State Republicans push for more control of federal Covid-19 dollars as Wisconsin prepares to receive $5.7B in aid
MADISON, Wis. — Republicans on a state legislature committee voted Wednesday to push through a bill that would give Wisconsin lawmakers more control over the spending of federal Covid-19 relief dollars.
The move comes the same day the U.S. House of Representatives voted a second time on a $1.9 trillion relief bill that would send Wisconsin governments about $5.7 billion in federal aid, including $3.2 billion for the state government.
Current Wisconsin law gives the governor control over receiving and allotting federal funding. The bill, introduced by GOP legislative leaders including Assembly Speaker Robin Vos and Senate leader Devin LeMahieu, would require Gov. Tony Evers to send a plan for expenditures to the Joint Finance committee for a 14-day passive review. The bill would only apply to pandemic relief dollars related to Covid-19, and has an end date of June 30, 2022.
A spokesperson for Gov. Evers confirmed Wednesday the governor plans to veto the bill in its current form should it pass the state Senate and Assembly, and said in a statement last week that Republicans had waited 290 days before sending a second Covid-related bill to the governor’s desk. A review from WisPolitics found the Wisconsin legislature had been the least active in full-time state legislatures during the pandemic.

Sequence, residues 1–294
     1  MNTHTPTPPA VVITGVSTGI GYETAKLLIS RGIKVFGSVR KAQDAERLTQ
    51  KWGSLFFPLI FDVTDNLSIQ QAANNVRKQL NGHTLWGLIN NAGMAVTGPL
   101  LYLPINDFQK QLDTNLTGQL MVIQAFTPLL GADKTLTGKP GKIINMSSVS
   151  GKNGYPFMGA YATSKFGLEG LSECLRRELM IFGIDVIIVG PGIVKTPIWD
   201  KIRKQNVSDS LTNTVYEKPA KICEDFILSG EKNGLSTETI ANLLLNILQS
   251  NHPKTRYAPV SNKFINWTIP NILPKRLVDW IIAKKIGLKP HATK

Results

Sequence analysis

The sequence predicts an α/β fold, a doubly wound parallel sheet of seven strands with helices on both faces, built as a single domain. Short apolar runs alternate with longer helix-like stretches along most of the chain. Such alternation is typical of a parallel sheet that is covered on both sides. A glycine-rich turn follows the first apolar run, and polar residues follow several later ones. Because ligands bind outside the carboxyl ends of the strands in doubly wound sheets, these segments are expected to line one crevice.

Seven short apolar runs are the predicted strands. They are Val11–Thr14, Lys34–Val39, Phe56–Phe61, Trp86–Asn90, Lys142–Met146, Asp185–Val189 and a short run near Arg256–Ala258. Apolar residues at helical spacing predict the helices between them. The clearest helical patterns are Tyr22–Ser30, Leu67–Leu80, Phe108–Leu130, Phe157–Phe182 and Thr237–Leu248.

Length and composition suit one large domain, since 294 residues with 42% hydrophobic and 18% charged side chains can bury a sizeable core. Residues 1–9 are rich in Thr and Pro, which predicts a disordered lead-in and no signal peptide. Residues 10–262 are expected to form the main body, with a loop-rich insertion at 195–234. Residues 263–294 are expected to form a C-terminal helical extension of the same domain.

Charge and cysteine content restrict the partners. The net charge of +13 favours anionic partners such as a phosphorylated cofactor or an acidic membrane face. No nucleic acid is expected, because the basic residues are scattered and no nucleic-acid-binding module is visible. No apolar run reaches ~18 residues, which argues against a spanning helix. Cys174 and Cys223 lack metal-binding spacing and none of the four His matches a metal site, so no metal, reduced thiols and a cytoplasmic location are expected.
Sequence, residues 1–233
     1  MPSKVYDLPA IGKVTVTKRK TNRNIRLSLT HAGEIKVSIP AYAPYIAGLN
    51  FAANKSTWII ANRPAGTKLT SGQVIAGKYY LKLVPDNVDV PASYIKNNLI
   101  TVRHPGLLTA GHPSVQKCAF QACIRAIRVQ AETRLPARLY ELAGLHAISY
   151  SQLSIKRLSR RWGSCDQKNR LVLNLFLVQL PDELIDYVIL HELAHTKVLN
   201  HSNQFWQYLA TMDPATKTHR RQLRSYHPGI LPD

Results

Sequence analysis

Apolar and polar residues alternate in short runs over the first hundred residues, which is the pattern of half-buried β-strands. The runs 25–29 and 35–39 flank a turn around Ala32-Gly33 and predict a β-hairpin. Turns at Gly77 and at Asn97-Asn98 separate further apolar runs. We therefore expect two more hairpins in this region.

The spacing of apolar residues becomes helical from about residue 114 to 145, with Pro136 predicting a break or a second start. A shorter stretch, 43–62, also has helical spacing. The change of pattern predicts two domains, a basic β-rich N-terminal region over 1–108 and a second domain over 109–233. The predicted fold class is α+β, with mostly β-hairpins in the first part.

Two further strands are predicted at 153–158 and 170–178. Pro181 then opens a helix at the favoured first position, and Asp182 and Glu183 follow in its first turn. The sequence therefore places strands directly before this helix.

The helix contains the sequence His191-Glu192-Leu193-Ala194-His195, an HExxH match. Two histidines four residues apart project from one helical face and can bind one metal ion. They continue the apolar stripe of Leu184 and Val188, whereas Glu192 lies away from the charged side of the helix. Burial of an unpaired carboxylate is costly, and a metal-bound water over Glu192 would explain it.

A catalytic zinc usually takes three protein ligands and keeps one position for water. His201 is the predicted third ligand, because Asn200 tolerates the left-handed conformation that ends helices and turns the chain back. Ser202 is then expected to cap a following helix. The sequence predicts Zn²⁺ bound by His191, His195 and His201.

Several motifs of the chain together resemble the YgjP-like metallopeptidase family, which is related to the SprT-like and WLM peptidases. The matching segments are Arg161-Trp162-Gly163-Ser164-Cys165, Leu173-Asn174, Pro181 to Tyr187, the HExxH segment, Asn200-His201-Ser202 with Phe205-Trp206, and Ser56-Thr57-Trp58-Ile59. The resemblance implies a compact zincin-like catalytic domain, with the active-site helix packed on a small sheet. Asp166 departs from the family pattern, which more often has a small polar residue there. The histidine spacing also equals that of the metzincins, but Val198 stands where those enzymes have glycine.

“Wisconsinites can’t afford to wait around for the Legislature, and that’s why the governor will continue working to save lives, put shots in arms, and get resources and relief out as fast as he can, just as he has since the beginning of this pandemic,” Britt Cudaback said.
Republican Rep. Mark Born, who co-chairs the Joint Finance committee, said while they haven’t started broad caucus discussions yet on budget goals, Covid-19 relief funds coming from the federal government would “certainly” be part of the discussion.
“It’s not blazing a trail, it’s not something that’s a crazy new idea. This is being done in other states,” Born noted.
“We feel it’s important to have legislative input into the process, to give our say,” Senate majority leader Devin LeMahieu said during the committee meeting. “To represent our areas of the state, our constituents, and give that oversight.”
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